Our reaction to the barrage of TV ads about Burger King's new SatisFries—which BK says have 40% less fat and 30% fewer calories than McDonald's fries—was to drive on down to Burger King and try some: and they're pretty good. These are fried fries, not baked, and the process is mostly secret. They say the fries are coated in a special batter that helps them absorb less oil in the frying process.
Are SatisFries really better for you? We have to admit, the nutrition claim is a little tricky to parse. Burger King bases their calorie and fat savings for SatisFries on a 70-gram serving, which they say has 150.5 calories and 6.3g fat. They claim the same amount of McD's fries has 226.8 calories and 11.2g fat, which is the nutritional total for a small fry from McDonald's. But you can't buy a 70-gram serving of SatisFries. Burger King's smallest size, the Value (which is actually smaller than a "small"), weighs 87 grams.
Here, a chart that compares Burger King's regular fries to the new SatisFries.
The servings weigh the same, but you can see that each size of the SatisFries has less fat and fewer calories.
Now, let's compare McDonald's and Burger King. A direct comparison with McDonald's fries is tricky because the two restaurants serve different portion sizes: Burger King's tend to be bigger. A small serving at BK weighs 78% more than a small at McDonald's. So while the fries are lighter on fat and calories, total calories in a serving are not as low as the ad comparisons imply.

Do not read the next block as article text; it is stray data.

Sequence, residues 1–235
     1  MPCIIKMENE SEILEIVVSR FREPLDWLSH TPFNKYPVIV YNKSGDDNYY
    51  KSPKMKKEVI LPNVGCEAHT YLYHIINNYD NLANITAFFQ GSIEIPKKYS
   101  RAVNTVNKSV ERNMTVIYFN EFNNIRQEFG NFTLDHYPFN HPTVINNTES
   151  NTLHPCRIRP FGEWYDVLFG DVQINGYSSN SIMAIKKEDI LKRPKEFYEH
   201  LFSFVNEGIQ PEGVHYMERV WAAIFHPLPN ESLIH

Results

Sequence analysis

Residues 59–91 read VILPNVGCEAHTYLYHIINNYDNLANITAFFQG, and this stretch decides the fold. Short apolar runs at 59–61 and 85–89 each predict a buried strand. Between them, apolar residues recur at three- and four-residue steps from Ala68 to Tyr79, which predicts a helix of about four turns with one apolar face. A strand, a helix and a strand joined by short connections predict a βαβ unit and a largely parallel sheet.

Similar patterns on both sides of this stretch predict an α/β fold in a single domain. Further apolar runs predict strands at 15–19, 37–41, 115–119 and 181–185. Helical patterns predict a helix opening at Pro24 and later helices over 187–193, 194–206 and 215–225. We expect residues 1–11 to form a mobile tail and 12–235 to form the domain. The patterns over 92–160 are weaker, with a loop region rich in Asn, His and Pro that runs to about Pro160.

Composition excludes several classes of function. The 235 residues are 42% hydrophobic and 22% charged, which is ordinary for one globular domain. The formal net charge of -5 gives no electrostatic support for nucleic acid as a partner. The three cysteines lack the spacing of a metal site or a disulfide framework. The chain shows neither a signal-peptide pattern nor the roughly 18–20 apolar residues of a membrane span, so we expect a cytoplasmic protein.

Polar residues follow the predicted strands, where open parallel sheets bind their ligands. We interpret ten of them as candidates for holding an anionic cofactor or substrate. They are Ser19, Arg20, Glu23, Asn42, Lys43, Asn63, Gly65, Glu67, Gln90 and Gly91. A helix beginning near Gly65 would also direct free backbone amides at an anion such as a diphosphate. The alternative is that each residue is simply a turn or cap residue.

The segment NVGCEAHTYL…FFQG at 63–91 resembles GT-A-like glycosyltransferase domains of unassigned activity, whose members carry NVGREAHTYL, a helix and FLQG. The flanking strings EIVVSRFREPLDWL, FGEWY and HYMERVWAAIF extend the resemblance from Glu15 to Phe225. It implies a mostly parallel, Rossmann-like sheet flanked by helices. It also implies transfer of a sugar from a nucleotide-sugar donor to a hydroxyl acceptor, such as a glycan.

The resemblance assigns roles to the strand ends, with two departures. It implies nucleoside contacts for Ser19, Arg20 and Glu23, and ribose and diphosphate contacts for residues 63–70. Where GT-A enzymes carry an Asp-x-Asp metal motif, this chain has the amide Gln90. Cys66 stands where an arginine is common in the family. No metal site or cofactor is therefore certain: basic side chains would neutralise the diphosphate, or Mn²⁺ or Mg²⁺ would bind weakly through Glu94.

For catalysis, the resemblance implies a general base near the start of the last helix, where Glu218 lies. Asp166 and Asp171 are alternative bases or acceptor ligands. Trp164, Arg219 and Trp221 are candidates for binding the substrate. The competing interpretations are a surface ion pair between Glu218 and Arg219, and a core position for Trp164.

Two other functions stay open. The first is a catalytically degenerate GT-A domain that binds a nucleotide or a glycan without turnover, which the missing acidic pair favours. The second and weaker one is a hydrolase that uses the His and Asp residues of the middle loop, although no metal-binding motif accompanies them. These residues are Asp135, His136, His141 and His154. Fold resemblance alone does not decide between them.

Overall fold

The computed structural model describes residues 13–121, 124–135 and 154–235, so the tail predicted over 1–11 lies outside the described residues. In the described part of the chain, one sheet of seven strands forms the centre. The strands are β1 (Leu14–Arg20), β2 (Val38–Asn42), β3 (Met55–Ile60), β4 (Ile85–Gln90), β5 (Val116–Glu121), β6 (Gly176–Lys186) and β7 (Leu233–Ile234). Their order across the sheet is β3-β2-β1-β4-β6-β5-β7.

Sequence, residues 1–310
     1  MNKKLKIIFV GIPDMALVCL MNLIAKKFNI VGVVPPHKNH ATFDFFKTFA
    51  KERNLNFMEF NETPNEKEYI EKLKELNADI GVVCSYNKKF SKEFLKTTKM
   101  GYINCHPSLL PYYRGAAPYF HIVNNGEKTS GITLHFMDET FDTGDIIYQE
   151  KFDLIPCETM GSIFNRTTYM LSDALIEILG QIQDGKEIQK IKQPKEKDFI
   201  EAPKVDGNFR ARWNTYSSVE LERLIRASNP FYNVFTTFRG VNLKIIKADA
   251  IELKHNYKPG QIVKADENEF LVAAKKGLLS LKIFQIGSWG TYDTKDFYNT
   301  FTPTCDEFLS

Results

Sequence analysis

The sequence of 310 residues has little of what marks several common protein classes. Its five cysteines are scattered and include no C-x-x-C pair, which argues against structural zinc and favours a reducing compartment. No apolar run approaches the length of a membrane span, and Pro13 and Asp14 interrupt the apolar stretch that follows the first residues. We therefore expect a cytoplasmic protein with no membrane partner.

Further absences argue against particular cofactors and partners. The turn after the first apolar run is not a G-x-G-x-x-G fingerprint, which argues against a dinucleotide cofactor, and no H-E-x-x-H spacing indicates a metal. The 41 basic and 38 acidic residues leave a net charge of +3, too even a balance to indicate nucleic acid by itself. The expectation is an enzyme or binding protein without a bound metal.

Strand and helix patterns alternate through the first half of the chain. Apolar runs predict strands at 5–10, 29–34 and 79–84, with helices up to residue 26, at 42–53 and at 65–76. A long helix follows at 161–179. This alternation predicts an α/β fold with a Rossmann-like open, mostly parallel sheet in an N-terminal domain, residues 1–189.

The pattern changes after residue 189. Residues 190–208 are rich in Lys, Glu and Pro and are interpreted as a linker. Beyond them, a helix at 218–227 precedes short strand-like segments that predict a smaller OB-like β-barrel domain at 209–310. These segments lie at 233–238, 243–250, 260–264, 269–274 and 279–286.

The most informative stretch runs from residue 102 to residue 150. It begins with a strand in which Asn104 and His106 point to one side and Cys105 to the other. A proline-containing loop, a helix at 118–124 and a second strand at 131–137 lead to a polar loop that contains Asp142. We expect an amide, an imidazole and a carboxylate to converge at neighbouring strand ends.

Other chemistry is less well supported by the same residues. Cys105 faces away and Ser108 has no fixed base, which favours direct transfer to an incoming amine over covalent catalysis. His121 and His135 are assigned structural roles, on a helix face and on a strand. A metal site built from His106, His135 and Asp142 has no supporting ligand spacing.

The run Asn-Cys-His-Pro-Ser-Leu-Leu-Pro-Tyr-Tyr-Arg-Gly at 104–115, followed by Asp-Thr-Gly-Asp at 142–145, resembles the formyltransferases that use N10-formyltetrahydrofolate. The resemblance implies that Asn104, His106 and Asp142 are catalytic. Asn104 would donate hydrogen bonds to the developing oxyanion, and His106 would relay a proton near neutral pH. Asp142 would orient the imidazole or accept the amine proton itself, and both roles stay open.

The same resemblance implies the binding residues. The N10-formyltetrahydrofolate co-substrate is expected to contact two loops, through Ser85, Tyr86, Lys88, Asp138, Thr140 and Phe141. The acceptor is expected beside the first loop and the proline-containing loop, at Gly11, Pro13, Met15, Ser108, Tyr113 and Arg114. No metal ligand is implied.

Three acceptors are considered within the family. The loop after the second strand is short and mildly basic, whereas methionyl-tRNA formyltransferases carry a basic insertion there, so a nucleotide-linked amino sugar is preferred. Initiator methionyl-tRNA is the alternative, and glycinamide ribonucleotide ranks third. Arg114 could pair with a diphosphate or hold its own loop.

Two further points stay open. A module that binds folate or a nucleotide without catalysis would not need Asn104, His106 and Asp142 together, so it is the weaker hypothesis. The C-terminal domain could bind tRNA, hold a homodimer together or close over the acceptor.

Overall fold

How can you tell what a 70-gram serving is if you don't carry a scale in your purse? Count your fries--we found 70 grams was close to 17 fries. Or split a medium with a friend.
Bottom line: They're still French fries, which means they're a source of fat, calories, and sodium—even if they are a "healthier" version of the golden delicious deep-fried goodness. If you want the most bang for your potato-ey buck, make your own. Our Garlic and Herb Oven Fries are super crispy, and a 1 1/2-cup serving is only about 200 calories.
Have you tried them? What did you think? Tell us in the comments.